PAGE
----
Ok ill just keep it to 1 deal for now as i need definitive answers for each question.Ill stick to the wire for now and just need to know what gauge to use for stringing from the + and - from the panel to the charge controller.Dont know how far....gonna be on the roof but for it to face south,it will have to be on the upper level,this increases distance from the battery bank in garage but to avoid trees,debris gotta be upper level and for best exposure.Maybe 35 yds? 105ft.? man that seems way too far....only way though.So yeah its a long string,guess a heavier gauge would help then?
    BACKGROUND: These panels will be four altogether--82 W each using 36 cells 2.3W each.Will power all my electronics,computers--takes 2 rooms in this house offgrid(going room by room).To interconnect the cells? dont see relevance but used standard cell tabbing .005/.55 and standard bus ribbon.In series not parallel.Havent had them in the sun but 15V in lamp light but expect 18V --not sure on A maybe 3(this is for each panel).Fluctuates huge between sun and artificial so ill reserve those numbers but wht wire should i use just to go from the panels to the controller?
  • nielniel Solar Expert Posts: 10,300 ✭✭✭✭
    Re: what gauge wire to use for panels

    ok solarmac, in running the calculations #4 shows to be real close to 3% losses with 6amps of pvs for 12v. the run of 105ft becomes 210ft of wire because you have a negative and a positive wire to run that length. if it were my call i'd go #2 wire. this would put it at about 1.9% losses and is good for a bit of expansion(another pv) or using with an mppt controller. use #10 to the jbox for as short as possible if the jbox is right there with the pvs. if you run seperate wires to the controller for each pv then go with #6 as this will give a bit over 2.3%. to be sure you understand that means a #6 wire for the positive and a #6 for the negative of the pv and do this for the other one as well yielding 4 wires running to the jbox near the controller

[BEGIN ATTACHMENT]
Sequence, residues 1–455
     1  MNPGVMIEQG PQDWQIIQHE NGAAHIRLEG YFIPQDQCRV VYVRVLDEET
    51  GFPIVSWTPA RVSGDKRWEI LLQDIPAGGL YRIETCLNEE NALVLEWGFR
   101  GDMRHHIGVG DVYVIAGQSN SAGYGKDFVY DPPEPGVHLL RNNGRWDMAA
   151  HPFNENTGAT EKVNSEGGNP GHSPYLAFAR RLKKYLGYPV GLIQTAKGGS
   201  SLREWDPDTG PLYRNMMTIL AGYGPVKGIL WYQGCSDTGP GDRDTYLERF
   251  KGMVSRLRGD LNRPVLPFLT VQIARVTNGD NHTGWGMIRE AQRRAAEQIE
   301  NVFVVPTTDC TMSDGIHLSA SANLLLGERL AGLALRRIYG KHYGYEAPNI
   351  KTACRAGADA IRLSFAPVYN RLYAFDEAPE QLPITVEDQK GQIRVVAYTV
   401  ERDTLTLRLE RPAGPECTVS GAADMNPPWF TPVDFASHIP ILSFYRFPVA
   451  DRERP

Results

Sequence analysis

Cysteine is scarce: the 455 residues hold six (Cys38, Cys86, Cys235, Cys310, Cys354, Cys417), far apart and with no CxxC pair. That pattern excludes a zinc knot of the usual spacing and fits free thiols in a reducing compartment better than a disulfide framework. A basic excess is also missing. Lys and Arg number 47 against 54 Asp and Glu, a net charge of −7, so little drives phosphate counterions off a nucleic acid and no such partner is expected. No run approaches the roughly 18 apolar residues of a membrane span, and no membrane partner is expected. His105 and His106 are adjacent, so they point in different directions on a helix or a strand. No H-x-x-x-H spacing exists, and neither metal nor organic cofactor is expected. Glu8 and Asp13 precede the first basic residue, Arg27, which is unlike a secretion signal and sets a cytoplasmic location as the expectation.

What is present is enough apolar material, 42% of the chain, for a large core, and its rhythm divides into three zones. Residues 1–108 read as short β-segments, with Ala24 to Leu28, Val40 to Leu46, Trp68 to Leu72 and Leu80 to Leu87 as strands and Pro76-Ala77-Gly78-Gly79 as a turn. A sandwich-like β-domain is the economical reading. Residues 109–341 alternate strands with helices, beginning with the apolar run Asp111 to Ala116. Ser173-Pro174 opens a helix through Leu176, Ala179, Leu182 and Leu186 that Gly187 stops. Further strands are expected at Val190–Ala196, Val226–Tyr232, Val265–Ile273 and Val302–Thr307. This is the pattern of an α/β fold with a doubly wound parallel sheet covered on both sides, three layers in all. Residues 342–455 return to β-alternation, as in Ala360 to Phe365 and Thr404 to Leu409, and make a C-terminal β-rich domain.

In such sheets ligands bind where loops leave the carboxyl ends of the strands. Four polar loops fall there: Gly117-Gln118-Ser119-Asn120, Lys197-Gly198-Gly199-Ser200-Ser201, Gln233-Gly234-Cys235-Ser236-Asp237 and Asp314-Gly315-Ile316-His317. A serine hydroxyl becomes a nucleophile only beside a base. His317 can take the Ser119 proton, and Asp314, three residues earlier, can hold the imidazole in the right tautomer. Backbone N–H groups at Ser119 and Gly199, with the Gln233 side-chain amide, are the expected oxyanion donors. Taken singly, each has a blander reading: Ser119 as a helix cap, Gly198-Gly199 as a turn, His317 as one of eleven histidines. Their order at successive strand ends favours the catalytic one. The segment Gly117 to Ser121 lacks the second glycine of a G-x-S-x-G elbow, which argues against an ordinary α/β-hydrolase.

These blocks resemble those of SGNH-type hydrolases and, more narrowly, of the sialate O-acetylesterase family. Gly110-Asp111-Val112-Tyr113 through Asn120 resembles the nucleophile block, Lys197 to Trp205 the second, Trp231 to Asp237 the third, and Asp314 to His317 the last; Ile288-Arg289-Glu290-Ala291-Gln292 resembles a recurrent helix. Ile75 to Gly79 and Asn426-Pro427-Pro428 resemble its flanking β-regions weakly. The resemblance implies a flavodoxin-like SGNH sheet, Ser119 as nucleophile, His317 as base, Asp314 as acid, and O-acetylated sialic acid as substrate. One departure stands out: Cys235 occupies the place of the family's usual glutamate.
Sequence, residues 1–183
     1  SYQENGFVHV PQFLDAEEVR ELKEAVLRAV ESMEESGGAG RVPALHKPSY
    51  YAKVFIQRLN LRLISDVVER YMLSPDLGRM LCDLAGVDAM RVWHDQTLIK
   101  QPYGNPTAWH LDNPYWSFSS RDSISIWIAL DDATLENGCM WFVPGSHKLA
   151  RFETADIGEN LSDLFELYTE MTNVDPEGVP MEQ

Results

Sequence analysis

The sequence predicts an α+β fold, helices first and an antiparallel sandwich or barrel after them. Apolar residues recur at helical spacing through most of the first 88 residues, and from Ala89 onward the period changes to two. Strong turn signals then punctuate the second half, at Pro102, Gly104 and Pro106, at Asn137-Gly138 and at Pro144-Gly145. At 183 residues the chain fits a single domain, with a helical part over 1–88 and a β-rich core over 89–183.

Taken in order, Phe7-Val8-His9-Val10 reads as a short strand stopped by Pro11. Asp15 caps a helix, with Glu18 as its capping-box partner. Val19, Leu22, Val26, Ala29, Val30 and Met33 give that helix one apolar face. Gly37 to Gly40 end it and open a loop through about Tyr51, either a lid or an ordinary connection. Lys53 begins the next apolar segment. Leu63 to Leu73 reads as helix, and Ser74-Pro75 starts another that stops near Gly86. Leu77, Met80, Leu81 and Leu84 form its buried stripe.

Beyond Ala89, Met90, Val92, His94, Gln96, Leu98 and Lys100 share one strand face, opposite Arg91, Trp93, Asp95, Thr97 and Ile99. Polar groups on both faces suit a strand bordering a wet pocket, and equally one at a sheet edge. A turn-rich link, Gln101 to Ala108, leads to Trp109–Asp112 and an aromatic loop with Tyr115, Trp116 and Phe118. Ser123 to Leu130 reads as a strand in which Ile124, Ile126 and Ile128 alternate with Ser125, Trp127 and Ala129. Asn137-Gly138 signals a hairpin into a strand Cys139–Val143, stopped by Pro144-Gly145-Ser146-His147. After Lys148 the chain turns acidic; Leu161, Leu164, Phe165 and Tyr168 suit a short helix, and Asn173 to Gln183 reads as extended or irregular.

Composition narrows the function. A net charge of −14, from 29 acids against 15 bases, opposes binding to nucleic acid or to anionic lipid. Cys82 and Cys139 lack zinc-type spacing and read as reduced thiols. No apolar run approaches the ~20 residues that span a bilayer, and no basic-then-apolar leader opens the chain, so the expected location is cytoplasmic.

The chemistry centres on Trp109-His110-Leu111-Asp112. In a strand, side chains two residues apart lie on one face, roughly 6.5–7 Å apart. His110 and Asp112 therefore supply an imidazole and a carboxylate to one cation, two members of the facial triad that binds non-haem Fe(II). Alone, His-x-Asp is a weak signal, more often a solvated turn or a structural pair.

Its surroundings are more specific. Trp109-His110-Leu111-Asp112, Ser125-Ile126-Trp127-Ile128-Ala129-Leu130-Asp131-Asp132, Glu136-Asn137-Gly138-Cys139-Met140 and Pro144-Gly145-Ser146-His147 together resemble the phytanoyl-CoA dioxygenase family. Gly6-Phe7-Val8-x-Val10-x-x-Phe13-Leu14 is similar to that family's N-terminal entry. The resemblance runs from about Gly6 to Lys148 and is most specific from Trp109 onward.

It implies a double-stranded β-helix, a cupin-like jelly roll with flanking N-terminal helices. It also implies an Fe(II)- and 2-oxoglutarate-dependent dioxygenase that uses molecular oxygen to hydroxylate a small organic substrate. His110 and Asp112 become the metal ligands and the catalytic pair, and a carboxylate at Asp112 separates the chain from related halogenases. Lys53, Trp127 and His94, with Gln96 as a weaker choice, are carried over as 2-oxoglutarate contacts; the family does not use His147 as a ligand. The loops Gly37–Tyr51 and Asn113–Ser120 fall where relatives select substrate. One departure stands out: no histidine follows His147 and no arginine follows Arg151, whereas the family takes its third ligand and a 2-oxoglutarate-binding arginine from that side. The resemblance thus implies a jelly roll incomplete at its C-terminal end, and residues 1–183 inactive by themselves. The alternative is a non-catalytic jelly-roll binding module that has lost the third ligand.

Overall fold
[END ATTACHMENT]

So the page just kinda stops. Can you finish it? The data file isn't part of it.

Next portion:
• nielniel Solar Expert Posts: 10,300 ✭✭✭✭
    Re: what gauge wire to use for panels

    you're right jon as i was seeing him say he just built his second one so i went by 2 pvs. i get a rough of about 19.3amps based on 17v vmp, but it will still be around the gage you state for it. solarmac if you could try and verify that distance you need it would help confirm the figures, but it's going to be big gage no matter what as i made 2 errors. one on the pv power and the other in the number of pvs. at this point it may be better for the bigger controller like the mx60. jon reconfirm that with 210ft of wire at 19.3amps and your 19.8amps to cover both bases. you know it's late, but it's bothering me so i'll run it. at 19.3amps for 12v it is #2/0 for 2.94% and at 19.8amps for 12v it is #2/0 at 3.02%. i don't believe your current to be 4.95amps, but something less. #2/0 leaves no room for expansion beyond the 4 pvs.